A few days ago a new paper published in arXiv indicated an exciting new development within the emerging science of teleportation.
In an advance that has significance for quantum computing and secure wireless communication, physicists at the University of Science and Technology in Shanghai have broken the record for the distance photons have been artificially teleported. Their research is important, because teleportation is considered to be extremely useful for the future of secure communication across satellite networks.
MIT's Technology Review reports:
"Teleportation is the enabling technology behind quantum cryptography, a way of sending information with close-to-perfect secrecy. Because teleported information does not travel through the intervening space, it cannot be secretly accessed by an eavesdropper."
"Unfortunately, entangled photons are fragile objects. They cannot travel further than a kilometre or so down optical fibres because the photons end up interacting with the glass breaking the entanglement. That severely limits quantum cryptography's usefulness. However, physicists have had more success teleporting photons through the atmosphere."
Scientists at the University of Science and Technology in Shanghai have had considerable success with this technique. In 2010 they teleported photons 16km, and last week, they confirmed they have broken their own distance record by teleporting photons across 97km. Juan Yin, and his colleagues in Shanghai used a 1.3-watt laser to beam photons across the 97 km, and retrieve them at the final location.
Teleportation has moved on considerably in recent years, and is no longer the preserve of science-fiction, but rather an important new technology within communications, computing and cryptography. Quantum teleportation takes advantage of quantum entanglement for the purposes of moving an object from one place to another without it ever moving in the space between. As Technology Review put it, "the idea is not that the physical object is teleported but the information that describes it."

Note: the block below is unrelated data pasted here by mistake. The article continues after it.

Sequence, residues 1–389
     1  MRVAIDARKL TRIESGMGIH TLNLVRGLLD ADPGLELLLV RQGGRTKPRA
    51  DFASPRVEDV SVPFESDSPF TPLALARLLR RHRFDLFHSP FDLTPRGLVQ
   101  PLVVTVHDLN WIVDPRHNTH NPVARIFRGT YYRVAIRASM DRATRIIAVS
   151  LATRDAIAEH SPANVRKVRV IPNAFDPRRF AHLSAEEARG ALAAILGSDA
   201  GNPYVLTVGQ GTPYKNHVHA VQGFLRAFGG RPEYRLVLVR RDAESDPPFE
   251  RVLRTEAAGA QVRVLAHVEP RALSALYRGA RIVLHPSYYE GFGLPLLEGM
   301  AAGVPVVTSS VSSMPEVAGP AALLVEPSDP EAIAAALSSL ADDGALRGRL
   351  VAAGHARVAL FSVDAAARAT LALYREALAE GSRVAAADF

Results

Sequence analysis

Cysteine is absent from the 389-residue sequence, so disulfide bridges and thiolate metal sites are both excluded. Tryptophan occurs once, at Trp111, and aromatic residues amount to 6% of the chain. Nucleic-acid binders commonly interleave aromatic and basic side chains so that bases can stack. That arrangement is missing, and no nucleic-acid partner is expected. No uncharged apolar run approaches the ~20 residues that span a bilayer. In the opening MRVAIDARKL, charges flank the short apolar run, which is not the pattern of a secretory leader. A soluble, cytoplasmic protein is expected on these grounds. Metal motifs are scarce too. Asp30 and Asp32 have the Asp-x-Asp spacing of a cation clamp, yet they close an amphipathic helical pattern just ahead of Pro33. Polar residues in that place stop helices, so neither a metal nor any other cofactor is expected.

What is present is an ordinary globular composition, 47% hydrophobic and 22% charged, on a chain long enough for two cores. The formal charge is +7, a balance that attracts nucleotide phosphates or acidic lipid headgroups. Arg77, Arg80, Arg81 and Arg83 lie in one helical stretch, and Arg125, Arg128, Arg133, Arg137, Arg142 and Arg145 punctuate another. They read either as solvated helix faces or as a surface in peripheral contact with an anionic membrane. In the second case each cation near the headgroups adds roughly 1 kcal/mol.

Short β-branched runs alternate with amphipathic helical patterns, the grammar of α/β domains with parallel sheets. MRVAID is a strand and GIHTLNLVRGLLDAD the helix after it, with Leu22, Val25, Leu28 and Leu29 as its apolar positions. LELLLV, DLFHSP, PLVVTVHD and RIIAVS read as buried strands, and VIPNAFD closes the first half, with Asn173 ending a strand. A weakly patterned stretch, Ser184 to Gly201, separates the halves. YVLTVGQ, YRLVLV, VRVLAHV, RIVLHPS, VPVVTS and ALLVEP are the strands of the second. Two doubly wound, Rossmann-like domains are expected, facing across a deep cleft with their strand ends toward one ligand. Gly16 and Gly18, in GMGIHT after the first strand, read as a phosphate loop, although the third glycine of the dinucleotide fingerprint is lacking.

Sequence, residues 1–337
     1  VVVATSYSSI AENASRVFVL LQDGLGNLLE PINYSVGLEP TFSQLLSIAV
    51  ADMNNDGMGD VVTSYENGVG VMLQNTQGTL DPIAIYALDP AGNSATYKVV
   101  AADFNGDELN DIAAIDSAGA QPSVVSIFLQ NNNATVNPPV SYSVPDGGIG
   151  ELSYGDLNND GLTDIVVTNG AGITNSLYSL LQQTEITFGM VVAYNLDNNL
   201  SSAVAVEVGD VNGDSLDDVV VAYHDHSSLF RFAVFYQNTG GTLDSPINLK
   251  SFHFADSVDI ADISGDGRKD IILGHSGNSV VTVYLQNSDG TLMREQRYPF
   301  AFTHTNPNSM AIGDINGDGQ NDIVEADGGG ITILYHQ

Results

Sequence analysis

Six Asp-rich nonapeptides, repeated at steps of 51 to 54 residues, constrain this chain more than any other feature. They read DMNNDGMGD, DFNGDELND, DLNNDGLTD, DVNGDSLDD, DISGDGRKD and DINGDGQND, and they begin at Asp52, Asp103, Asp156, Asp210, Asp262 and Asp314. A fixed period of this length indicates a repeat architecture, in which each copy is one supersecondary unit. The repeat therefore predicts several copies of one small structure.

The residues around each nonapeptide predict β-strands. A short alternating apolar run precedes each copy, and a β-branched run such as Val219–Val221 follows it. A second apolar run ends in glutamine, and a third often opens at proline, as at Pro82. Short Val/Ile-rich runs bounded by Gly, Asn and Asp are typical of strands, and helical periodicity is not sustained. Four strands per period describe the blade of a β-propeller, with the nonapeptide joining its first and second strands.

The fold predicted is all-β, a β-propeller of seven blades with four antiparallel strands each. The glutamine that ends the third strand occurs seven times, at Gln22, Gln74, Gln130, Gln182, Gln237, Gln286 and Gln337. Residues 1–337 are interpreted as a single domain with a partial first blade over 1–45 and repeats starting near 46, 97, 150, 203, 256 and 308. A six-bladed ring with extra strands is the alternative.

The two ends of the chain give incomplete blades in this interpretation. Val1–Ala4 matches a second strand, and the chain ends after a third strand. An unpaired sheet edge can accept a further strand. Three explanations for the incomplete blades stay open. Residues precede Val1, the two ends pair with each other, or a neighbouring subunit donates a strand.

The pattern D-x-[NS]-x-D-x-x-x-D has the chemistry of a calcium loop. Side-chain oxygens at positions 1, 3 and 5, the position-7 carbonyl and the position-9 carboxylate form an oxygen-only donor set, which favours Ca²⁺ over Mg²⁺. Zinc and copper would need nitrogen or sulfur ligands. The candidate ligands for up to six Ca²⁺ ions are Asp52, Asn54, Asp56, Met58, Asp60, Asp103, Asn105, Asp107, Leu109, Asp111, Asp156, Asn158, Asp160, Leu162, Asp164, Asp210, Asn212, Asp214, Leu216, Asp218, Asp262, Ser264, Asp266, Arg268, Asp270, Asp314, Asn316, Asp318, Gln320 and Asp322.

Juan Yin's team in Shanghai have advanced the science of teleportation by developing a superior aiming technique, which prevents the disintegration of entanglement over short distances. This has enabled them to increase the distance they can teleport photons from merely a few kilometres, to close to 100 kilometres. Further improvements will be required in order for the technique to be of widespread use in secure satellite communications, but the rapid advances Juan in's team have made, suggest this is merely a matter of time.
As Juan Yin commented:
"The successful quantum teleportation [...] in combination with our high-frequency and high-accuracy [aiming] technique show the feasibility of satellite-based ultra-long-distance quantum teleportation".